Thyroid Cancer

My thyroid cancer story starts like many other survivors, purely by accident!

I live with an autoimmune, neuromuscular disease called Myasthenia Gravis (MG). It's a disease where the signals sent from your nerves to your muscles is interrupted by an antibody. It produces severe muscle fatigue and weakness. Many people who have MG also have an enlarged Thymus. As part of my MG treatment I was scheduled for a CT Scan. My thymus was normal, but my CT scan revealed some other findings, among them was a possible thyroid nodule. Thyroid nodules, as it turns out are quite common!

My primary care physician has always been vigilant about checking my neck for thyroid masses and doing routine lab studies. He was never able to palpate any masses, and my lab results fell within normal limits. Hypothyroidism (under active thyroid) is common in my family. I always figured somewhere along the way I too would join the crowd! 

An ultrasound of my neck was performed, three nodules were discovered. It showed possible cancer in one of the nodes. The next step was a fine needle aspiration biopsy. During this procedure a physician inserts a small needle into the nodules to obtain samples for diagnosis. The samples found Papillary Carcinoma in the smallest of the three nodules. Papillary Carcinoma is the most common and easily treated form.  A surgical consult was next. My positive nodule was very small, but because of my MG history weak breathing muscles and respiratory arrest are of great concern. I was going to have a total thyroidectomy. Another ultrasound was done, this time to "map out" the lymph nodes in my neck. This would determine if a would need a small incision near the base of the neck or a much larger incision to remove any affected nodes. Fortunately my lymph nodes didn't appear involved!

My surgery went off without a hitch, there were no respiratory issues. I stayed in the hospital overnight as a precaution and was released the following morning. My surgical pathology report would reveal two cancerous nodules. I began taking levothyroxine, to replace the thyroid hormone that I would no longer produce naturally. This medication must be taken for the rest of my life.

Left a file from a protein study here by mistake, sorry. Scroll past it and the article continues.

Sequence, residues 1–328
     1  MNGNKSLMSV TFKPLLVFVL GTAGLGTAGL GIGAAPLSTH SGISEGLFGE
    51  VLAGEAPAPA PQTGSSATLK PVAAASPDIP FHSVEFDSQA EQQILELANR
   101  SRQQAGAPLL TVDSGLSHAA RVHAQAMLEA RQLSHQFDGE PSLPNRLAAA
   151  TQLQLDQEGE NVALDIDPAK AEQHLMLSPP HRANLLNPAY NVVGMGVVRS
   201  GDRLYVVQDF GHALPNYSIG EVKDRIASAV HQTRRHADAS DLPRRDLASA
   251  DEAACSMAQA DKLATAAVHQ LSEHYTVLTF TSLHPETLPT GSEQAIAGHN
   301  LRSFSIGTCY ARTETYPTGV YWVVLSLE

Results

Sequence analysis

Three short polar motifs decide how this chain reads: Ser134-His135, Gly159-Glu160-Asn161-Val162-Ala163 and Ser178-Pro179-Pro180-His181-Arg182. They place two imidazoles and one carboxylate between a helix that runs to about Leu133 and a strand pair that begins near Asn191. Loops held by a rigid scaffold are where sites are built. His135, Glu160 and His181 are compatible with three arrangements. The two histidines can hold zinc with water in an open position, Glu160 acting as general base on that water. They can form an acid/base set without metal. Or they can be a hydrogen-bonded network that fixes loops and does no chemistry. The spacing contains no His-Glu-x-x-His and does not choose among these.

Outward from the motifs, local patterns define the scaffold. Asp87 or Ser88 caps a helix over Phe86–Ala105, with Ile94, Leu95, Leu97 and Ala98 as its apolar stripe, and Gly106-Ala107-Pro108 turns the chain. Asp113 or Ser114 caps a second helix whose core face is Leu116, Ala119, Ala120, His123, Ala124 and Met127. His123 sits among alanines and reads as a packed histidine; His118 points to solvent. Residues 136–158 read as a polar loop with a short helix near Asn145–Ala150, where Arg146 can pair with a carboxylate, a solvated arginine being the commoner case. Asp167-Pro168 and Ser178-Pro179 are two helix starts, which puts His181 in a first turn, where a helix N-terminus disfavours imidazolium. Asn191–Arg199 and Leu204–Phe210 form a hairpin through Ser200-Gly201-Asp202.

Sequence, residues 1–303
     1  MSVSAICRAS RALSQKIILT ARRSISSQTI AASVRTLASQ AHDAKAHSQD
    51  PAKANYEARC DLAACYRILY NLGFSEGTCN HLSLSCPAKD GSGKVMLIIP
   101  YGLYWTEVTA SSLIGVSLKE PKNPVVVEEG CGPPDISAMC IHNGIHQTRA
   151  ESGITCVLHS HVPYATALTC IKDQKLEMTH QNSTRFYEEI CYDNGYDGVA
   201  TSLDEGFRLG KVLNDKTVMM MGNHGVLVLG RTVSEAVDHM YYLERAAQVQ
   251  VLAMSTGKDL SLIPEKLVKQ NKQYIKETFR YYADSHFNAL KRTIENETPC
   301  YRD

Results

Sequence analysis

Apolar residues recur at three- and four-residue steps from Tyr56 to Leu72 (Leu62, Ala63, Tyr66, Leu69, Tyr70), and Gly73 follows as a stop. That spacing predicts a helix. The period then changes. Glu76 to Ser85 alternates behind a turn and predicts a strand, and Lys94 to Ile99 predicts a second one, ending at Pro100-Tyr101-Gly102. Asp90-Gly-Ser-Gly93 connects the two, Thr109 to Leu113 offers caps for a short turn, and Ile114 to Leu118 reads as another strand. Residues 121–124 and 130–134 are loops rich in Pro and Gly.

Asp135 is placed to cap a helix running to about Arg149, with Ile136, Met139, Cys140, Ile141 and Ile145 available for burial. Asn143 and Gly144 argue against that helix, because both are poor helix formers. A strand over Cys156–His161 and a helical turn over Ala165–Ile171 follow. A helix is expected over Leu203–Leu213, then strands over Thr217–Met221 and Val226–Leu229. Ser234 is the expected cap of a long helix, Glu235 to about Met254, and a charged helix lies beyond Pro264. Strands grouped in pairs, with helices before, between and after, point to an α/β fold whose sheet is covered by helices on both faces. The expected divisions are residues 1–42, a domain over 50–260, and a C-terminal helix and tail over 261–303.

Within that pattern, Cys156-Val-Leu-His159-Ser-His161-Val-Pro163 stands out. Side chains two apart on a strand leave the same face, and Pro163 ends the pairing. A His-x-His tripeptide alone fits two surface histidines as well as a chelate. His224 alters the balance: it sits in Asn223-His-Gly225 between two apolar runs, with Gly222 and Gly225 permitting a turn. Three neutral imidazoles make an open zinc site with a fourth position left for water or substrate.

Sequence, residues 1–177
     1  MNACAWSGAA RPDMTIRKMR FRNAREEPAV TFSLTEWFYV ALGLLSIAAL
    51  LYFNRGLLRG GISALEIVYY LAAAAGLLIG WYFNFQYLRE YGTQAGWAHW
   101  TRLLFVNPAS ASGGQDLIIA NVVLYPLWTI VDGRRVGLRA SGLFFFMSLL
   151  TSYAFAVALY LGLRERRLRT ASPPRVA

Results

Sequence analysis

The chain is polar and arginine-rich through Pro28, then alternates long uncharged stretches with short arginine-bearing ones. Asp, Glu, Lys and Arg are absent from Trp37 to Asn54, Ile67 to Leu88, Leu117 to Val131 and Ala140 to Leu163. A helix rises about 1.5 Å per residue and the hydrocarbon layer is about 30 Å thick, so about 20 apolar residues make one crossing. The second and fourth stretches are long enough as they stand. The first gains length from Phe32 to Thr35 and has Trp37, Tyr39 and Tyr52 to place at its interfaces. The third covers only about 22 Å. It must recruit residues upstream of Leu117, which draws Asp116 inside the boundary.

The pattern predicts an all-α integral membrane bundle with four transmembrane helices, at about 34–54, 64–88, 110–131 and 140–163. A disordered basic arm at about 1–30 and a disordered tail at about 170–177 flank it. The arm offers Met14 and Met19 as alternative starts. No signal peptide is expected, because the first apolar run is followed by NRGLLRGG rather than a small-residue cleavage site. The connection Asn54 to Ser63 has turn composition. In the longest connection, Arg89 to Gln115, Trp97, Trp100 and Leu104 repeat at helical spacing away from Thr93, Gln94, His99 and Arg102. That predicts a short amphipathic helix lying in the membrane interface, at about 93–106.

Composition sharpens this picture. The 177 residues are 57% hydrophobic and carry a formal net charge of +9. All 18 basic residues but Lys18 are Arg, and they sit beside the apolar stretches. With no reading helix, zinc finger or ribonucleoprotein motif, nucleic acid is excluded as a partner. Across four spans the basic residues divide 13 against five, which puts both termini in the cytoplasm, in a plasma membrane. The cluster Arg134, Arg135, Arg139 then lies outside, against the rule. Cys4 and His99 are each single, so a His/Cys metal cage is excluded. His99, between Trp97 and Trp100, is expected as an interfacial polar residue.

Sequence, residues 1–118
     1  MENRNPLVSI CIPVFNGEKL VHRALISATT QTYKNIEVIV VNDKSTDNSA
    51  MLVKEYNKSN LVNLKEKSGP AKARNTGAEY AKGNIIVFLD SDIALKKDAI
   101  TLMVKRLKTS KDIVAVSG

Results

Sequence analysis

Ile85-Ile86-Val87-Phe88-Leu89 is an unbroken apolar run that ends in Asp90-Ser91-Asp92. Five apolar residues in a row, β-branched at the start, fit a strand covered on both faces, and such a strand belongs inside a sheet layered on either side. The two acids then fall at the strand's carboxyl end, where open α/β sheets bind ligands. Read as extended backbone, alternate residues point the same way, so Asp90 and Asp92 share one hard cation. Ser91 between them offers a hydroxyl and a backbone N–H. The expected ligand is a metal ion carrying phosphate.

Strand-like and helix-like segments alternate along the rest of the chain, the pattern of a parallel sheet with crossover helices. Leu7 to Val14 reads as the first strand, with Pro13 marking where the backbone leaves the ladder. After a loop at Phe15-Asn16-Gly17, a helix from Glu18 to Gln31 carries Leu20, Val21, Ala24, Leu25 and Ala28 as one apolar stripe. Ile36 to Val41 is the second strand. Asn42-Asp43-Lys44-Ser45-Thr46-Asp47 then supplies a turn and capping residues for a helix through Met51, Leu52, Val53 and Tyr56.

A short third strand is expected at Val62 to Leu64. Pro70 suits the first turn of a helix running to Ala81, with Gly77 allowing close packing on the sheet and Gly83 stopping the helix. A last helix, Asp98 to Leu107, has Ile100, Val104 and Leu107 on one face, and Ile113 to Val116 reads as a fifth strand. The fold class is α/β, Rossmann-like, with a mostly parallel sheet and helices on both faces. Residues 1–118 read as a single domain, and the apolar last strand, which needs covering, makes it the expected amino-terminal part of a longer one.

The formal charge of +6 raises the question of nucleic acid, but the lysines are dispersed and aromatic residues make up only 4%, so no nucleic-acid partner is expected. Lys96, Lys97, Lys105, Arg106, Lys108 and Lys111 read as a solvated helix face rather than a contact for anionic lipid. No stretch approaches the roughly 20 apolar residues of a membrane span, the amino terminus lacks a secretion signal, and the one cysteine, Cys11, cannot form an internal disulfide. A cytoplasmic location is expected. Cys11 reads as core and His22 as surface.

Treatment for thyroid cancer may include a lobectomy, where only a portion of the thyroid is removed and total thyroidectomy where all of the thyroid is removed. Radioactive Iodine Therapy may also be done to destroy any normal or cancerous cells that are left behind. This also helps to reduce the spread or recurrence of cancer in the future.

Thyroid nodules are common, but thyroid cancer itself is rare. Only 5% of all thyroid nodules are cancerous. Thyroid cancer also affects more women than men. Thyroid cancer has a very high treatment success rate, but it also very slow growing. It may be years before a recurrence is detected. Frequent monitoring is required, a patient will undergo a lifetime of lab tests and scans. 

September is Thyroid Cancer Awareness Month
To learn more about Thyroid Cancer and how to "Check Your Neck" visit
ThyCa:The Thyroid Cancer Survivors Association or
The American Thyroid Association

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